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Running Elk, Tomales Point

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Upper Schooner Bay

Within ‘Elegy,’ almost a dozen other images struck me as being made through his own vision, his own voice. Through these images, I “hear” Granger more clearly than all the description he’s given us for his photographic method, his journeys to these locations, and the insightful inclusion of poems as they relate to how he frames the backstory to his creative process. His photographs of Duck Island at low tide, and high tide, give us the insight to how Granger sees the world. He has studied it, and recognizes the differences that each static place has in a world that is constantly in flux, whether it be in cycles like tides or seasons, or random occurrences such as quality of light.

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Duck Island from Hog Island at High Tide, Tomales Bay

As an influence to my overall impression of the book, the first meaning for the word elegy that came to mind for me was that of a song or lament of sorrow for someone or something that was dead. The term elegy can also be meant as a “pensive or reflective poem that is usually nostalgic or melancholy,” which fits Granger’s work better than one of sorrow. He seems to take a melancholy look at this area for what it means to him, and the way he approaches photographing the landscape around him. His note at the conclusion of the book covers a number of the places and people he encountered during the creation of this project. While some of those places and people are no longer with us, Granger addresses the perseverance that he and many successful artists take: you can’t change the past, it is not in the nature of reality. We continue working… we have successes and failures… and do the best we can.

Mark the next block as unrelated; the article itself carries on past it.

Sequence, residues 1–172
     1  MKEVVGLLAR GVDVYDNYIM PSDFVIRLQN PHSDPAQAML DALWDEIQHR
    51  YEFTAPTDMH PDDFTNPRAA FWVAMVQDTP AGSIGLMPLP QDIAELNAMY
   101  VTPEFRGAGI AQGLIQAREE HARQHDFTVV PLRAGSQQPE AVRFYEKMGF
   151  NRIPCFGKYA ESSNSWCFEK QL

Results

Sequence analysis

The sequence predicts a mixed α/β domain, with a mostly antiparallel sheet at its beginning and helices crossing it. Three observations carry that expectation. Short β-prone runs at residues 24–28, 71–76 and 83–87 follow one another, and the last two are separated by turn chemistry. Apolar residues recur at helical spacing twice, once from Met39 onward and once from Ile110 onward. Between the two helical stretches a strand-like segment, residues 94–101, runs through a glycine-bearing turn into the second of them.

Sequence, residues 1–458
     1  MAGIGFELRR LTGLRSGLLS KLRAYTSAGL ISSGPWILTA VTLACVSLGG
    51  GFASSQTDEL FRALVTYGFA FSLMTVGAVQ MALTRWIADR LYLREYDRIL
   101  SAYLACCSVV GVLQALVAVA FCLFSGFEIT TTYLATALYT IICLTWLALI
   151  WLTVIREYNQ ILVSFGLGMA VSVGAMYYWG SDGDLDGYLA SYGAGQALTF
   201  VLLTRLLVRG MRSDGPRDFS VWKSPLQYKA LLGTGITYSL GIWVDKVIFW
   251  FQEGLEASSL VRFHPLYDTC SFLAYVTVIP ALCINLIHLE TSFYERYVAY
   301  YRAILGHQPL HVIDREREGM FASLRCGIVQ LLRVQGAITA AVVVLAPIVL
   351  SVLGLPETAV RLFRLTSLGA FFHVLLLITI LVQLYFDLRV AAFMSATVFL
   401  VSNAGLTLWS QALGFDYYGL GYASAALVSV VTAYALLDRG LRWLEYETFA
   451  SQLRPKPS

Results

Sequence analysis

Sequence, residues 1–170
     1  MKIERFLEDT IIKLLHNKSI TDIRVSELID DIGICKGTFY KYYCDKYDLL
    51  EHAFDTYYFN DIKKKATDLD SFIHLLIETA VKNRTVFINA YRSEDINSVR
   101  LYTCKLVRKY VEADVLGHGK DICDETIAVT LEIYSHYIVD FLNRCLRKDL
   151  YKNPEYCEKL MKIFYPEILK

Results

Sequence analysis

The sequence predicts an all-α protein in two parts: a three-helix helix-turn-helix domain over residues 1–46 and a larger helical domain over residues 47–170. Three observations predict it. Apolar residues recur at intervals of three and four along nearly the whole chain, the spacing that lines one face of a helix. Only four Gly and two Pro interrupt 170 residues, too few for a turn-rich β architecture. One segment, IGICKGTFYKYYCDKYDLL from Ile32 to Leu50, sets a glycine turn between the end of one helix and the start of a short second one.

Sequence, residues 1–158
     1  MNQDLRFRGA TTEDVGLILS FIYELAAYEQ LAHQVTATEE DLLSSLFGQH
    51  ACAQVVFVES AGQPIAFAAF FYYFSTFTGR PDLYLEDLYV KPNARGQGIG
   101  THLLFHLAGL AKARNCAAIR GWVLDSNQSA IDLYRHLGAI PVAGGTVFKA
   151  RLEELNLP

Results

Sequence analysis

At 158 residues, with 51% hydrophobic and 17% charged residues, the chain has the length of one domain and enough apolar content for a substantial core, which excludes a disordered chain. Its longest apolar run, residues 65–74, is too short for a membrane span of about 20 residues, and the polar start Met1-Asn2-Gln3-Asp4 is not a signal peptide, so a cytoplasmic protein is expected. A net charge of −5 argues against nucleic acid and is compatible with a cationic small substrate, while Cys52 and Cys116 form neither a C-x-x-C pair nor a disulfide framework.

Born in San Francisco in 1970, Austin Granger has worked as a baker, house painter, naval radar operator and camera salesman. He first began to photograph while studying philosophy in college as a way to get out of his head. Preferring to use traditional film cameras, Granger has come to see his photography as a spiritual practice–a way in which to shape his life and enrich his relationship with the world.


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Elegy from the Edge of a Continent: Photographing Point Reyes
 Size: 9" x 9"
 Pages: 188 pages with over 80 stunning photographs
 Binding: Casebound
 Publication date: Summer 2016
 ISBN: 978–1–935935–26–1
 To see more work by Austin Granger, visit his website — http://www.austingranger.com/

To order a copy of the book, visit Goff Books website: http://www.goffbooks.com//book/elegy-edge-continent


Originally published at F-Stop Magazine.